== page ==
|Jackie Robinson with Martin Luther King|
Today is Jackie Robinson Day in Major League Baseball, and while Jackie Robinson's importance to Major League Baseball is recognized and understood, his importance to the American Civil Rights movement as a whole is largely overlooked.
Robinson was a lifetime Civil Rights advocate. Though he promised Dodgers GM Branch Rickey that he would "have the guts not to fight back" against the racist taunts and threats from white fans, players, and coaches, he spent his entire life fighting against racism.
During his playing days, he proved racist expectations wrong again and again, performing at the highest level of the sport under 24/7 emotional siege. Robinson and his family were constantly targeted for harassment - somehow he not only survived that kind of stress, he led the league in multiple statistical categories.
Robinson's excellence in the previously all-white major leagues was a powerful symbol to Americans years before Brown vs. Board of Education began the slow process of school desegregation. His perseverance in the face of unspeakable bigotry served as an inspiration for thousands of people.
After retiring from baseball, Robinson wrote letters to several US presidents, urging them to take action against racism. He corresponded with Martin Luther King, and attended the March on Washington for Jobs and Freedom.
|Robinson and his family at the March on Washington|
Robinson was only 53 years old when he passed away in 1972. Just before his death, he attended the World Series, where he once again advocated for the breaking of barriers, urging MLB to employ more black people in coaching and management positions: "I'd like to live to see a black manager, I'd like to live to see the day when there's a black man coaching at third base."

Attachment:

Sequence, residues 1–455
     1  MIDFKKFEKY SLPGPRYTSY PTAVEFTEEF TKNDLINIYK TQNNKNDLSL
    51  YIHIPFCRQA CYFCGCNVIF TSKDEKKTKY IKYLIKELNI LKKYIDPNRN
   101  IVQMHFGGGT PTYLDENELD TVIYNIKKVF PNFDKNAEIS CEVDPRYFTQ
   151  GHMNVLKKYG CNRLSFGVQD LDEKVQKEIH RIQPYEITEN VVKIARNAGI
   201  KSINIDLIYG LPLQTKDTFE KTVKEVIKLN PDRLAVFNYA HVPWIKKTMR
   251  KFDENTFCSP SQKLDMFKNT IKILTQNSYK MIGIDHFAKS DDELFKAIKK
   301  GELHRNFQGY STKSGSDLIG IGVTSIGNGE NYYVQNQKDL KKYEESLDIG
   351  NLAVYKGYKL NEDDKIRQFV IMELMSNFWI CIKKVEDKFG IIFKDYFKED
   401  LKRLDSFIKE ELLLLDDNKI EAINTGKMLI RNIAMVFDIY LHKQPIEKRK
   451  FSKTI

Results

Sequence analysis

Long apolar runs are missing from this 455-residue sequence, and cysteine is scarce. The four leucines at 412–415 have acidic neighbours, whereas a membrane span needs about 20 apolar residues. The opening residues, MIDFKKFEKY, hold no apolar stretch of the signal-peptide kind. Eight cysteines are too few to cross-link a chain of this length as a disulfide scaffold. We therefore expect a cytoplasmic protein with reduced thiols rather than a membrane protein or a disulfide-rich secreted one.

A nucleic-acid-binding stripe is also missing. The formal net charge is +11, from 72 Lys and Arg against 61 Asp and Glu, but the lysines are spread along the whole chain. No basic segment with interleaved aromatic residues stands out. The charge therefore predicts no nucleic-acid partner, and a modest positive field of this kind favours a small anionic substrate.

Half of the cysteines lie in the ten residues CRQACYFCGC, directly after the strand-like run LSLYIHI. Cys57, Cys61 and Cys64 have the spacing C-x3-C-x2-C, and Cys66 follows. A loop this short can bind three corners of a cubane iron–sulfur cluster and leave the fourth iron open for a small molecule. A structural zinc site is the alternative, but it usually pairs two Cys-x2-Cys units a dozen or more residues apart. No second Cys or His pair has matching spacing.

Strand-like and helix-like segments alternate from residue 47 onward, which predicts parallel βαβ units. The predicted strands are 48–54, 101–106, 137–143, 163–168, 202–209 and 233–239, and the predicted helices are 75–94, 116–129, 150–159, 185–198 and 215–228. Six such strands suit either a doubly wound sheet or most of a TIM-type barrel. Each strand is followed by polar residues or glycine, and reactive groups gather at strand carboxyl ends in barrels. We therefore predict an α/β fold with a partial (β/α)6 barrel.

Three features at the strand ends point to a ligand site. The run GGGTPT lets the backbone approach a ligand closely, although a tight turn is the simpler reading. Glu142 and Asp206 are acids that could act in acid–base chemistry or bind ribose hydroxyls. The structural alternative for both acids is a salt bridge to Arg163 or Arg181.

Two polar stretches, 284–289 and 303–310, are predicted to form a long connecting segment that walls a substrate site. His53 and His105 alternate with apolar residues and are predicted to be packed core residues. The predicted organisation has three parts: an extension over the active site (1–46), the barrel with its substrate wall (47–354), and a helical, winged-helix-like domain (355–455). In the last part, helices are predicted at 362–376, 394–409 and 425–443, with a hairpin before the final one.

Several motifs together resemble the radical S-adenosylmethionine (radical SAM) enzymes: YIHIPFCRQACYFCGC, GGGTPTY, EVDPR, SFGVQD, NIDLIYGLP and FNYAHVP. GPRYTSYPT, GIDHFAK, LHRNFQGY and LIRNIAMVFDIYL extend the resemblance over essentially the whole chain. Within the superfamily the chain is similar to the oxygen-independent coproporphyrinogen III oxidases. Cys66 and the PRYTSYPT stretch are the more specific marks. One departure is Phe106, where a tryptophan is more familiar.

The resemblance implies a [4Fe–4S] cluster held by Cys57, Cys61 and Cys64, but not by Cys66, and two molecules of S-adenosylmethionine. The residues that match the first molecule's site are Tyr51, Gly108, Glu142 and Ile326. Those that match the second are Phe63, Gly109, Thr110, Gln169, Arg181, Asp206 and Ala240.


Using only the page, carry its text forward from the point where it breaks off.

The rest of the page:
Sadly, Robinson didn't live to see that particular dream realized. He died much too young, and there's a lot of speculation that the extreme stress of his life contributed to his short lifespan.
As I've done many times before in this space, I'm going to highly recommend Baseball's Great Experiment: Jackie Robinson and His Legacy.
As Red Sox fans, we have a responsibility to understand the kind of racism perpetuated by our team less than 70 years ago. The Red Sox were the very last team to integrate, twelve years after Robinson made his debut for the Dodgers. Boston had a reputation for being wholly unwelcoming to nonwhite players well into the 1990s. For more on this topic, I recommend It Was Never About the Babe: The Red Sox, Racism, Mismanagement, and the Curse of the Bambino, and Shut Out: A Story of Race and Baseball in Boston.